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Publication numberUS5958802 A
Publication typeGrant
Application numberUS 08/713,999
Publication dateSep 28, 1999
Filing dateSep 18, 1996
Priority dateSep 18, 1996
Fee statusLapsed
Publication number08713999, 713999, US 5958802 A, US 5958802A, US-A-5958802, US5958802 A, US5958802A
InventorsEvelyn Wilson
Original AssigneeWilson; Evelyn
Export CitationBiBTeX, EndNote, RefMan
External Links: USPTO, USPTO Assignment, Espacenet
Pressure sensitive releasable adhesive webbing
US 5958802 A
Abstract
The invention is basically ultra thin webbing that has been coated with a pressure sensitive adhesive that easily releases from the material. The webbing is manufacturer by producing an ultra thin webbing and the placing that webbing in a vat of pressure sensitive material that produces a coating on the webbing that enables the webbing to be attach to a material and also to be easily removed from the material. The webbing is coated such that the adhesive is on both side of the webbing and thus the webbing can be attached to materials on either side or both. The material is produced in sandwich form in which a release paper is attached by pressure to both sides. When an individual wishes to transfer a pattern to fabric the individual removes the release paper from one side of the webbing. Then the individual places the pattern on the webbing. Then one removes the other release paper and places the side not attached to the pattern against the fabric. The webbing can also sold in a sandwich that would contain the pattern attached to the webbing and on the other side of the webbing would be attached the material. Or the pattern could be sold separately just having the pattern attached to the webbing with a release paper placed on the other side of the webbing.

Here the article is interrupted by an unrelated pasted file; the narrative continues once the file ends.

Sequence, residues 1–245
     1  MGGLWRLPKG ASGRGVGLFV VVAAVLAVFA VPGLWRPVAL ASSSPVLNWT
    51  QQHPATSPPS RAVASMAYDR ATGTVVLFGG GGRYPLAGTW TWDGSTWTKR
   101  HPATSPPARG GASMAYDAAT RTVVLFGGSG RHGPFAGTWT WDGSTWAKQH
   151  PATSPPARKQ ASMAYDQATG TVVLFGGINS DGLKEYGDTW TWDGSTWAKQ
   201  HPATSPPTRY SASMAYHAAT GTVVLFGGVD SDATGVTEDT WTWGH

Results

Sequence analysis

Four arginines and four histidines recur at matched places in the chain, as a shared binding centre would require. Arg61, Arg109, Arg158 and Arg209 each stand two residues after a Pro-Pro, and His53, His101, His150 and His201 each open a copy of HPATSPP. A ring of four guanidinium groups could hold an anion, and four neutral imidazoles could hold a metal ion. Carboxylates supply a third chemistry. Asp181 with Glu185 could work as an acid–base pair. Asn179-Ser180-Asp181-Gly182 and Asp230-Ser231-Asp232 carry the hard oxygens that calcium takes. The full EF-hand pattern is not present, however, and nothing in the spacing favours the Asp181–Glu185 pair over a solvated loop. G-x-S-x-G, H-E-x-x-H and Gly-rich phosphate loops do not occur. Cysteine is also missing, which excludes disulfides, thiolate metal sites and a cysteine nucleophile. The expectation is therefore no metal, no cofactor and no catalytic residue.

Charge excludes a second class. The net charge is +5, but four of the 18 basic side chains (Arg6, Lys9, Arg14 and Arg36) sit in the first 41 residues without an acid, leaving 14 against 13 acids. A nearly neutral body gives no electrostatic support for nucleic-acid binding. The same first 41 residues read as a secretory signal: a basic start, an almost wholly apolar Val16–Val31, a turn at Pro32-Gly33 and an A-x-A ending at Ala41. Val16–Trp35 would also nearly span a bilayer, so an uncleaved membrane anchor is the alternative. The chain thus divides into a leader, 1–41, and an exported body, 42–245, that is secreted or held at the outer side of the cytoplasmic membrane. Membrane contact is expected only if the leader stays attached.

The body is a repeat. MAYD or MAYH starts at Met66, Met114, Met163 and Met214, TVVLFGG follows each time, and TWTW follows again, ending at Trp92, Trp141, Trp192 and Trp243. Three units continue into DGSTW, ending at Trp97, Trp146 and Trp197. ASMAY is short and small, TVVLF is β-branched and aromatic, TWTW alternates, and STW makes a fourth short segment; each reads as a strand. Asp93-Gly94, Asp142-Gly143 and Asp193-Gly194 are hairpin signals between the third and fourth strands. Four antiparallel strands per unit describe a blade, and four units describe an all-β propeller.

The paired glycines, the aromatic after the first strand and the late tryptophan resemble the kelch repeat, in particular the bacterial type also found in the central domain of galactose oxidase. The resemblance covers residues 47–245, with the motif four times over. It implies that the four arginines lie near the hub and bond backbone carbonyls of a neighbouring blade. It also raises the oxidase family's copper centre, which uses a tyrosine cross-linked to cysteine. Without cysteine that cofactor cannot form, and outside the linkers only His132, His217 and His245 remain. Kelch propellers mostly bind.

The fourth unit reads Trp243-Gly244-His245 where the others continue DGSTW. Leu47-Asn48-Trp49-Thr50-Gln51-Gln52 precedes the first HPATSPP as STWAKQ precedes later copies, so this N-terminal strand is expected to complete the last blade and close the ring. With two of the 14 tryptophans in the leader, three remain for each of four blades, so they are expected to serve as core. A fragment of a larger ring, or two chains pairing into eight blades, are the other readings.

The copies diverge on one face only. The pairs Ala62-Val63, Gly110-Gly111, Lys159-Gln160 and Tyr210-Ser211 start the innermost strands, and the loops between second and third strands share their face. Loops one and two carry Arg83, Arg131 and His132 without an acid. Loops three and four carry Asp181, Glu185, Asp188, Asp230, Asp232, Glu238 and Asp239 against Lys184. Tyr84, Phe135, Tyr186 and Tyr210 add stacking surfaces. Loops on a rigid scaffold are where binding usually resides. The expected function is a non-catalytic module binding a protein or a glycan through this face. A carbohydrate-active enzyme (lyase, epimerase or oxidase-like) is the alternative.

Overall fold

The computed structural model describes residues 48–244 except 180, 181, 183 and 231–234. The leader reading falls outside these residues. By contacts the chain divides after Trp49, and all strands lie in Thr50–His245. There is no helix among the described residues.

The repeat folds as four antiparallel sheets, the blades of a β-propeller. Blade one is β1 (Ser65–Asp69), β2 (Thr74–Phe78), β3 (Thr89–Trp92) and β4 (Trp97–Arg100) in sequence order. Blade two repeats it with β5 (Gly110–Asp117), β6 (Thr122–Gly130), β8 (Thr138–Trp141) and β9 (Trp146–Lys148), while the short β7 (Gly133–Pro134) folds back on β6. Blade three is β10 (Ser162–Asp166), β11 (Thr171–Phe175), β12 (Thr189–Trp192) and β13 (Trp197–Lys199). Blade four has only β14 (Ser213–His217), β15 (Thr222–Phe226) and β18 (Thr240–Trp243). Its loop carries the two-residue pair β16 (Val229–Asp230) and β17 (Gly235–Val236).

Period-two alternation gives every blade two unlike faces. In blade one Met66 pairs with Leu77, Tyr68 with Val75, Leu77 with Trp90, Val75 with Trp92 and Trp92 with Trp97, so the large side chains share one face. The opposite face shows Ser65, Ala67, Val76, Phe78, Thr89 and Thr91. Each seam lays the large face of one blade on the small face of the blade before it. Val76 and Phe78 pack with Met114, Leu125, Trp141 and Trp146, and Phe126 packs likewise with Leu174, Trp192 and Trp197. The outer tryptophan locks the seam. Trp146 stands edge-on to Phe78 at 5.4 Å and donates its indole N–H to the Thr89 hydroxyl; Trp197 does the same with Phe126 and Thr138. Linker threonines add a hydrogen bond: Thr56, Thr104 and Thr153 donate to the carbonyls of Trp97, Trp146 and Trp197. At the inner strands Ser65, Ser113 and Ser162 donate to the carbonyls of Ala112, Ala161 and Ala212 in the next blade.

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Claims(8)
I claim:
1. A pressure sensitive, releasable adhesive webbing comprising: